2.1 Introduction
Consumer Protection, which is a genre within the overarching legal specialty of Consumer Law, is classified as a legal field that focuses on the protection of consumers engaging in commercial activity within the commercial market.[1]

Consumer Protection Laws not only ensure that the consumers engaging in commercial activity rooted within purchase and consumerism will be regulated in accordance to Consumer Rights legality, as well as provide for the regulation of all commercial activity undertaken by vendor-based commercial operations in order to ensure Consumer Protection.

2.2 Consumer Protection Laws in Ancient Times

The earliest incarnation of Consumer Protection has been recorded as the implementation of the ‘Lex Julia Annona’ statute, which was passed by the Roman Government in or around 50 B.C; the ‘Lex Julia de Annona’ statute was enforced not only to provide commercial operations with legal protection, but also to provide Consumer Protection for Roman Citizens:

This Consumer Protection Law expressed that any individual attempting to destroy incoming vessels carrying cargo with the attempt to sabotage competing commercial endeavors would be prosecuted for this crime Not only did this Consumer Law serve to protect the interests of commercial operation, but it served as a form of Consumer Protection, which prevented the institution of a commercial monopoly; as was the trend within a monopoly, the consumer populace was oftentimes subject to predatory and discriminatory pricing resulting from a monopolization of the commercial market.

2.3 Consumer Protection Laws of 19th and 20th Century

The antitrust and anti-monopoly laws passed both at the close of the 19th century, as well as the early years of the 20th century disallowed for the commercial monopolization of the commercial market for the first time in conjunction with recorded and mandated legislature within the United States; these Consumer Protection Laws prevented consumers from victimization with regard to unethical pricing, the exploitation of the commercial market, and violation of constitutionality – the Consumer Protection Laws banning monopolies continue to provide for Consumer Protection within modernity: [2]Predatory Pricing is the drastic and unethical, exploitative control of pricing for goods and services due to commercial monopolization Market control violates consumer rights upon instating unauthorized limitation with regard to consumer purchases.

2.4 Consumer Protection Laws of Modernity

Electronic Commerce, which is commonly referred to as ‘E-Commerce’ relies on Consumer Protection Law focuses ensuring the regulation of legislation, ethics, legality, and stipulations that exist with regard to the operation and facilitation of commercial activity through the use of digital vending, computer networks, virtual marketplaces, online businesses, and Internet-based consumer activity: Consumer Protection within the computer age prevents from the defrauding of consumers engaging within the commercial marketplace upon regulating the methods and activities of electronic commerce and transactions Consumer Protection Laws specific to virtual commerce provide the regulation and oversight of the integrity of products and services offered within a virtual marketplace.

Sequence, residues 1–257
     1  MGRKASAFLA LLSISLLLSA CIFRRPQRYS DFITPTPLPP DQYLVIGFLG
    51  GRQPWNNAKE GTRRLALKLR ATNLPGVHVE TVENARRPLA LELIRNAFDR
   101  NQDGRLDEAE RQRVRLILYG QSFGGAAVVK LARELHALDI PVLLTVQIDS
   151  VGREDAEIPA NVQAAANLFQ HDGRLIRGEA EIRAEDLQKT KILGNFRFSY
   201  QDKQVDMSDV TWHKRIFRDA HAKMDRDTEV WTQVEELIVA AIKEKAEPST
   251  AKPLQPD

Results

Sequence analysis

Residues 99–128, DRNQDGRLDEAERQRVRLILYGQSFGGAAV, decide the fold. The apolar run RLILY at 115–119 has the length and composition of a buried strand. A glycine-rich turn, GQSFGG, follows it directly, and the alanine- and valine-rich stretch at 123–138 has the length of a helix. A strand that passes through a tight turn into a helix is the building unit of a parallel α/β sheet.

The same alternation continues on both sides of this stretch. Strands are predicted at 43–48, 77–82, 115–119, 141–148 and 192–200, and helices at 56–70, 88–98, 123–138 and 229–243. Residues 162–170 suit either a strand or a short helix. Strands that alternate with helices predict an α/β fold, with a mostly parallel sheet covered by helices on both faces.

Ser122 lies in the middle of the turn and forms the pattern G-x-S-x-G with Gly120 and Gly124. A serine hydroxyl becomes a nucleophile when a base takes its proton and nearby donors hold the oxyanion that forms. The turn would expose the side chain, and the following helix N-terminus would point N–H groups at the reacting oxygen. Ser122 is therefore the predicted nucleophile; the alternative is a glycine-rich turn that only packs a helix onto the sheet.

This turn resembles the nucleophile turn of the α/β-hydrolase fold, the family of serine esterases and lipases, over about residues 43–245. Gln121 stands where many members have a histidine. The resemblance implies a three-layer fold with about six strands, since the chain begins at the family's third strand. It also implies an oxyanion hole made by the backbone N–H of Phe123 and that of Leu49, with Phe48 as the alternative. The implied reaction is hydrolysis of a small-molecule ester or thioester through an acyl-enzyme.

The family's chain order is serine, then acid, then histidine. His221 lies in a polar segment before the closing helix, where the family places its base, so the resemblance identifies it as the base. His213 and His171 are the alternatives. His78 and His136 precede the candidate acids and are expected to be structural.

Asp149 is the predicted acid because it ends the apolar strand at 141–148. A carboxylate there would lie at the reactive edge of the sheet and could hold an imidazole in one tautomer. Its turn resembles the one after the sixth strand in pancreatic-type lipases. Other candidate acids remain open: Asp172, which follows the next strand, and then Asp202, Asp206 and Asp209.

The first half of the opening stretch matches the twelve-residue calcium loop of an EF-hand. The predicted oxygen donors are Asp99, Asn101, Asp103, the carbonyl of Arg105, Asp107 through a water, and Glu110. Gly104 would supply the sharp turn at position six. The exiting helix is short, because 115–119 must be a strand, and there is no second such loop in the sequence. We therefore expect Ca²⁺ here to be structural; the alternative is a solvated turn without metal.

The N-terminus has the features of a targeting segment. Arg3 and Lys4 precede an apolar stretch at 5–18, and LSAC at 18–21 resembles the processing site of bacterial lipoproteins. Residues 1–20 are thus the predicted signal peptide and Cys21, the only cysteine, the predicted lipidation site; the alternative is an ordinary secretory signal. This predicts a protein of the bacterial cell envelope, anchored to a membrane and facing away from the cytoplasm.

2.5 Consumer Protection in Indian Subcontinent

Consumer Protection has its deep roots in the rich soil of Indian civilization, which dates back to 3200 B.C. In ancient India, human values were cherished and ethical practices were considered of great importance. However, the rulers felt that the welfare of their subjects was the primary area of concern. They showed keen interest in regulating not only the social conditions but also the economic life of the people, establishing many trade restrictions to protect the interests of buyers.

In the medieval period, consumer protection continued to be of prime concern of the rulers. During Muslim rule, a large number of units of weights were used in India.35 During the Sultanate period, the prices used were determined by local conditions.36 During the rule of Alauddin Khalji, 37 strict controls were established in the market place.38 In those days, there was unending supply of grain to the city and grain-carriers sold at prices fixed by the Sultan39. There was a mechanism for price enforcement in the market. Similarly, shop-keepers were punished for under weighing their goods.

In the modern period, the British system replaced the age old traditional legal system of India. However, one of the outstanding achievements of British rule in India was “the formation of a unified nationwide modern legal system. “During the British period, the Indian legal system was totally revolutionized and the English legal system was introduced to administer justice.[3]

2.6 Conclusion

Though the history of consumer protection law goes back hundreds years back but, in fact, the implementation of such laws was out of seen. With the advent of globalization and others revolutionary change in human life pattern mankind now more sincere about their rights and demand to the society.


[1] David L: Loudon & Albert J. Della Bitta,Consumer Behaviour: Concept and Application 4th ed. (New York,McGraw-Hill Inc,1993)P.628

[2] John c. Mowen, Consumer Behaviour , 3rd ed. (New York, Macmillan publishing company1993) P.766

[3]  (16 Feb 2016)

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